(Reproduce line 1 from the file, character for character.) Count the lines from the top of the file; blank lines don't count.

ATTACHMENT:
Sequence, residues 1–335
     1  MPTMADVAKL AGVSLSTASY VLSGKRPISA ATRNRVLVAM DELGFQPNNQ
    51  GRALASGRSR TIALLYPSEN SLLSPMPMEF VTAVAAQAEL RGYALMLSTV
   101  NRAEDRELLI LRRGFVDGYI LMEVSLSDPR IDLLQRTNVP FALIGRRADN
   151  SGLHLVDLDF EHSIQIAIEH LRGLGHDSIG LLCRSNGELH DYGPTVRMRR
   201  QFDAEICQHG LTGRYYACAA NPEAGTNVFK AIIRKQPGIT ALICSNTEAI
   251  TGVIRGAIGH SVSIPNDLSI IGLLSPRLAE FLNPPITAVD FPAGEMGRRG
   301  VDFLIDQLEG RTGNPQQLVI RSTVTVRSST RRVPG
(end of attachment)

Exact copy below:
Sequence, residues 1–335